Letters policy

The Eastside Messenger welcomes letters

to the editor. Letters cannot be libelous.

Letters that do not have a signature, address,

and telephone number, or are signed with a

pseudonym, will be rejected. PLEASE BE

BRIEF AND TO THE POINT. The

Messenger reserves the right to edit or

refuse publication of any letter for any reason.

Opinions expressed in the letters are not

necessarily the views of the Messenger. Mail

letters to: Eastside Messenger, 3500

Sullivant Avenue, Columbus, OH 43204; or

email eastside@columbusmessenger.com.

Keep tabs on the latest news and

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What to do about a pig in a CW yard?

By Linda Dillman

Staff Writer

Questions have arisen about the presence

of a pig in Canal Winchester.

On June 15, Canal Winchester City

Council held a public hearing addressing

an appeal of a 30-day zoning violation

issued on March 9 for a swine owned by

James and Courtney Elliot. The Elliots

contend their pig qualifies as an emotional

support animal necessary to help Mrs.

Elliot with depression and anxiety.

The Planning and Zoning Commission

heard their appeal on May 11, which the

couple did not attend. They also did not

attend the June 15 hearing.

The commission hearing included information

from neighbor Kathryn Santore

consisting of pictures and descriptions of

multiple issues with the animal, including

digging under the fence, waste smells and

other conditions related to housing the

swine.

The commission reviewed the material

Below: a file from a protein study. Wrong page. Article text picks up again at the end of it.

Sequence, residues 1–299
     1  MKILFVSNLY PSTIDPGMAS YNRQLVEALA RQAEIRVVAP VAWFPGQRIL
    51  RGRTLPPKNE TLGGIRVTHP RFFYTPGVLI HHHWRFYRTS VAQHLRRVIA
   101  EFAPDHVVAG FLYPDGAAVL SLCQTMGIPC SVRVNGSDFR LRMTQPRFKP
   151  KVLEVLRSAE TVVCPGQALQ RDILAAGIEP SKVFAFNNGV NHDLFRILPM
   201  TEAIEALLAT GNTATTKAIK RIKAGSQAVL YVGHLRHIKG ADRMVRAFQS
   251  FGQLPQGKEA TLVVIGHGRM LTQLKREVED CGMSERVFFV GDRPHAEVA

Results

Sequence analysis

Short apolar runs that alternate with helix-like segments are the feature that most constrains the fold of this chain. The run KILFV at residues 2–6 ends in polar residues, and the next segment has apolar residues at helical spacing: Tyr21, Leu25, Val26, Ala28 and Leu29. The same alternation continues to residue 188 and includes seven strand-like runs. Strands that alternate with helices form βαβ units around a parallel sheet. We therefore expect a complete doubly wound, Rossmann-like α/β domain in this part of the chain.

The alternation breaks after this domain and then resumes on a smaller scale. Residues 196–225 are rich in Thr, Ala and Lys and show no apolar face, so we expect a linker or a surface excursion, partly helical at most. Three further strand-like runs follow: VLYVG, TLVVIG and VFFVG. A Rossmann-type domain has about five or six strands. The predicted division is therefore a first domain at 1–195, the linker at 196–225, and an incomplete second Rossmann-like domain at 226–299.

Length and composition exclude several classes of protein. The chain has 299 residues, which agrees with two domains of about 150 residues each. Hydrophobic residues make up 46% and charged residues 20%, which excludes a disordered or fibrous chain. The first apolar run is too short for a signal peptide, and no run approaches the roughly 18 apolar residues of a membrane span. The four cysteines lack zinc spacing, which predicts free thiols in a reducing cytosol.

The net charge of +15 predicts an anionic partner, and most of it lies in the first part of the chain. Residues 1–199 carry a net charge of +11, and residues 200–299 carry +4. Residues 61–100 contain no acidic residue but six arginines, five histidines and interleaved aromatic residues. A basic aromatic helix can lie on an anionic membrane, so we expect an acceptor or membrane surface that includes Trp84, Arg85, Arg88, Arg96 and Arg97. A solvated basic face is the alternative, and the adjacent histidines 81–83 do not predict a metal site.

submitted with the appeal, heard testimony

and later upheld the violation notice.

Councilman Bob Clark abstained from

the June hearing because of his proximity

to the Elliot’s house, but testified as a resident.

Law Director Gene Hollins said the

burden of proof that the pig is an emotional

support animal falls upon the shoulders of

the couple.

“She can eventually appeal it to the

court,” said Hollins. “This is just the public

hearing and you do not have to take action

(that evening). We understand this may

resolve itself. Apparently, the property is

on the market.”

During his public testimony, Clark said

he lives 10 to 15 yards from the Elliots and

has clear view of their property. He said

the animal roams the couple’s backyard all

day.

“I’ve never seen anyone talk to it, pet it,

have any interaction with that animal,”

said Clark.

Councilwoman Jill Amos, who previously

owned an indoor pet pig, said she walked

past the house in question on several occasions

and the swine was outside every

time.

“If it’s an emotional support animal, you

would think it would be with you all the

time,” said Amos.

Hollins said council has 60 days to render

a decision on the appeal.

Condominium development

Canal Winchester Planning and Zoning

Administrator Andrew Moore led a discussion

on June 15 about the final development

plan for the Greengate condominium

development.

Located north of the Meijer store, which

is also part of an original planned unit

development preliminarily approved in

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2001, construction of the 191 detached condos

on 46 acres is expected to start next

year.

The units, marketed for first-time home

buyers, are expected to cost in the middle

to upper $200,000 price range.

“All conditions have been met by this

final development plan,” Moore said.

Canal Winchester city finances

A June 15 public hearing on the 2021

tax budget was held with Canal

Winchester Finance Director Amanda

Jackson explaining the majority of the

city’s income tax revenue comes from

employers, not residents.

According to Jackson, in 2019, 72 percent

of general fund revenue came from

income tax. Individual receipts were

$446,109; business receipts were $817,866;

and $6,171 million in employer income tax.

The city’s top three businesses–Canal

Winchester Schools, Nifco and TS Trim–

accounted for 18 percent of all income tax

collections.

To date, Jackson said collections are 1

percent behind the same point last year

and fluctuate daily.

“COVID-19 and stay-at-home orders

will impact collections,” said Jackson.

“Early projections show a loss of 5 to 10